2 p.m. — For lunch, I order a turkey sandwich with a pickle, which my coworker, K., delivers to my desk. I also snack on some peanut M&Ms from my desk to stay awake through the afternoon.
6 p.m. — No one tell the firm, but I ordered two lunch entrées and brought one home for dinner. Tonight is honey mustard glazed salmon over roasted vegetables and pasta. I also eat an orange that I ordered with breakfast while I catch up on Love Island. I end the night with some Skittles.
Daily Total: $181.41

Day Three

8 a.m. — I wake up and see that my $206 charge for Equinox has gone through (in monthly expenses). Ugh. I make coffee at home as I get ready and head to work.
9 a.m. — I order breakfast when I get to work and get the same chocolate chip pancakes and eggs and fruit as yesterday.
1 p.m. — I order a turkey wrap with potato chips for lunch. I'm going to have to get creative with my combinations to not feel like I'm living in Groundhog Day this week. I snack on some peanut M&Ms and drink a cup of tea (provided in the break room) throughout the afternoon.
6 p.m. — Same as yesterday, I enjoy my firm-provided salmon-veg-pasta meal for dinner. I eat part of a delta-8 gummy and snack on chocolate ice cream and Trader Joe's cheese sandwich crackers before going to bed.
Daily Total: $0

Day Four

9 a.m. — Get dressed, make coffee at home, walk to work, order pancakes, eggs, and fruit.
12 p.m. — I get a text saying there are cheap tickets available for the Red Sox game tonight, so I go ahead and snag one thinking I'll find some friends who want to go too. All of my friends were too slow to get tickets, so I consider going alone. $9.50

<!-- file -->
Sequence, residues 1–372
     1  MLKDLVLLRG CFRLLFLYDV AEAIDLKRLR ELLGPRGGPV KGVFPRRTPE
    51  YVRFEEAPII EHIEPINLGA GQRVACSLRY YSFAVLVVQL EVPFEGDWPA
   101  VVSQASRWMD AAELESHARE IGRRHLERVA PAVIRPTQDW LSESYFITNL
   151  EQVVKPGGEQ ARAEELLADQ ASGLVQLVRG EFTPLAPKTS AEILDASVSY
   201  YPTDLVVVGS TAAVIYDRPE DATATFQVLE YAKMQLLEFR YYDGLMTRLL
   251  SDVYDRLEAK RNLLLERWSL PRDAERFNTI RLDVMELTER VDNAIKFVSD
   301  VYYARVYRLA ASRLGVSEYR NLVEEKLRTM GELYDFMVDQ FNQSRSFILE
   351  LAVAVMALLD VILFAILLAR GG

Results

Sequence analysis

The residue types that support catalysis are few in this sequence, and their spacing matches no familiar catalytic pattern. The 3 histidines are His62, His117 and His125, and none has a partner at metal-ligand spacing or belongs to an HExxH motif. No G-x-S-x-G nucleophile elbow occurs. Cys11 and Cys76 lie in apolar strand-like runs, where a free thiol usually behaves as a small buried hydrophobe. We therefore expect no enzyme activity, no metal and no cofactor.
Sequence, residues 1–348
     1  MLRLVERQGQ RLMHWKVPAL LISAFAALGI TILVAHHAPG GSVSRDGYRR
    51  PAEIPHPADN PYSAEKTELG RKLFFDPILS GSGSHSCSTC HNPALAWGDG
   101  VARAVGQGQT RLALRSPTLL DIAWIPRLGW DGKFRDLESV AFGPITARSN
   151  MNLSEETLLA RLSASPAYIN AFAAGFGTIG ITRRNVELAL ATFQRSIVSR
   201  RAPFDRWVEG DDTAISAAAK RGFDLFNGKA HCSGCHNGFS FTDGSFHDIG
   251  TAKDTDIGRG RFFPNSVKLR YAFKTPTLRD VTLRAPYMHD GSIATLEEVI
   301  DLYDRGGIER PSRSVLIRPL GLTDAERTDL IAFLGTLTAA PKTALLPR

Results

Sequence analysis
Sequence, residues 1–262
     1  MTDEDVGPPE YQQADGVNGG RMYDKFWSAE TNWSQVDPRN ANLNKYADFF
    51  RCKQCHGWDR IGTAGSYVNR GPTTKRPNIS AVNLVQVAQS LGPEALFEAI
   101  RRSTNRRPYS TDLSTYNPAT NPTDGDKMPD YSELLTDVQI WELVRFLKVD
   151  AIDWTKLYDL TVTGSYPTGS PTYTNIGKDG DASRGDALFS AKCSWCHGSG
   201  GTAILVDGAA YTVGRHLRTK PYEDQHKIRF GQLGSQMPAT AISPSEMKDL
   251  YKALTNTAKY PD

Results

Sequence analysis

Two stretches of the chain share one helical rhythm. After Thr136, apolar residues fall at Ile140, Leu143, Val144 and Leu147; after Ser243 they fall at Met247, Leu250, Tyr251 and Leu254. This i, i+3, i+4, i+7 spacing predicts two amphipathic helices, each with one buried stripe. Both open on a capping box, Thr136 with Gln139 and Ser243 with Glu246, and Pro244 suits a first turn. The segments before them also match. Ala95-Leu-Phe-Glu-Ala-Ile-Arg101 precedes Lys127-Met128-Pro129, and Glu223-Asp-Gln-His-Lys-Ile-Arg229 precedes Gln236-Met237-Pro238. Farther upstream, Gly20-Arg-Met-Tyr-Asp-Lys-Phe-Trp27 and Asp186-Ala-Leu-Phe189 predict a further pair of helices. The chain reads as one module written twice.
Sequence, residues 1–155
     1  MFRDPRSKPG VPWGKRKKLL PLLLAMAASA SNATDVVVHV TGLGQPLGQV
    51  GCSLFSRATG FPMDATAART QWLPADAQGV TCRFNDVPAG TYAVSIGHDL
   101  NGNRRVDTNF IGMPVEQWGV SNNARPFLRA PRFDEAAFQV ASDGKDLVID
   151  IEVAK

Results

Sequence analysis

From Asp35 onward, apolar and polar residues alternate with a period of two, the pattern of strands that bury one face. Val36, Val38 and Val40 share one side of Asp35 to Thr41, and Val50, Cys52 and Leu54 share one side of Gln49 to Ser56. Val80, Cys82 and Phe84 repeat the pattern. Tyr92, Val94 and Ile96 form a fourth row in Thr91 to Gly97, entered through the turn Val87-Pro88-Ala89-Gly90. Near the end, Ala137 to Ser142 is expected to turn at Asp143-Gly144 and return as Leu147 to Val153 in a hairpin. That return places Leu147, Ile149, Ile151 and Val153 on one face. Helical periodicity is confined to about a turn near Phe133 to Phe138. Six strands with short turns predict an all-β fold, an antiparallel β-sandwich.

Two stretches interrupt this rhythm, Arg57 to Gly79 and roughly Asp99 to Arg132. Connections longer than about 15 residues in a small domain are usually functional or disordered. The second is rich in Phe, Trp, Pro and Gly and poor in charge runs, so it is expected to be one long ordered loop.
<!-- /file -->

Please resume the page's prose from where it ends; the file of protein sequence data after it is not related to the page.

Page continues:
1 p.m. — For today's lunch, I have another turkey wrap, but switch it up with carrot sticks as a side.
5:30 p.m. — I head over to the gym after work for a workout class. It's my first one since joining this gym and I'm happy that I really enjoy it. After working out, I head home and eat the dinner that I've snagged from work. Tonight's offering is a black bean burger with fries. I'm still sweaty from working out and full from the burger, so I skip the baseball game. Wasting $9.50 on a weeknight game isn't a major pain for me.
9 p.m. — I get hungry for ice cream so I walk to the grocery store and grab cookie dough Haagen Dazs, green grapes, pesto, pasta, and extra toasty Cheez-its. I promptly dig into the ice cream when I get home. $18.64
Daily Total: $28.14

Day Five

9 a.m. — I promise this is the last day of me making coffee at home and eating chocolate chip pancakes, hardboiled eggs, and fruit. That said, I get to work and order my same breakfast and eat it while getting a start on my assignments.
1 p.m. — For lunch this afternoon I get ~yet another~ turkey sandwich and chips. After work, I go to the gym for another class, then head home and eat my salmon-veg-pasta combo from work.